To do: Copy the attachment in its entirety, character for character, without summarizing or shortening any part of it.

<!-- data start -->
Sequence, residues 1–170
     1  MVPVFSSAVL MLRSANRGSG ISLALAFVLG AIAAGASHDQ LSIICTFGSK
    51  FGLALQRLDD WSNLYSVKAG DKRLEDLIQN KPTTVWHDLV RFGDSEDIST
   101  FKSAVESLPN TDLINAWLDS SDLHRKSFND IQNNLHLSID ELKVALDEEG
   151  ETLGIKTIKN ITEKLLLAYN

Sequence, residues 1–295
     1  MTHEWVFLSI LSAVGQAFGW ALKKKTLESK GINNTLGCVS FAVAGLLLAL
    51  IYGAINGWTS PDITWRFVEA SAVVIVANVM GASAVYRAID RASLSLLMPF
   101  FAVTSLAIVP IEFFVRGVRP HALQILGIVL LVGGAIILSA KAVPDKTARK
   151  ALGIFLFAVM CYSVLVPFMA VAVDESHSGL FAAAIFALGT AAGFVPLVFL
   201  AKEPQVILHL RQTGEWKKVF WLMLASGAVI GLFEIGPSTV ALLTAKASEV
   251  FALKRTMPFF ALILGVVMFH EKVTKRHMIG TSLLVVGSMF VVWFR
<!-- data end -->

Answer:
Sequence, residues 1–170
     1  MVPVFSSAVL MLRSANRGSG ISLALAFVLG AIAAGASHDQ LSIICTFGSK
    51  FGLALQRLDD WSNLYSVKAG DKRLEDLIQN KPTTVWHDLV RFGDSEDIST
   101  FKSAVESLPN TDLINAWLDS SDLHRKSFND IQNNLHLSID ELKVALDEEG
   151  ETLGIKTIKN ITEKLLLAYN

Sequence, residues 1–295
     1  MTHEWVFLSI LSAVGQAFGW ALKKKTLESK GINNTLGCVS FAVAGLLLAL
    51  IYGAINGWTS PDITWRFVEA SAVVIVANVM GASAVYRAID RASLSLLMPF
   101  FAVTSLAIVP IEFFVRGVRP HALQILGIVL LVGGAIILSA KAVPDKTARK
   151  ALGIFLFAVM CYSVLVPFMA VAVDESHSGL FAAAIFALGT AAGFVPLVFL
   201  AKEPQVILHL RQTGEWKKVF WLMLASGAVI GLFEIGPSTV ALLTAKASEV
   251  FALKRTMPFF ALILGVVMFH EKVTKRHMIG TSLLVVGSMF VVWFR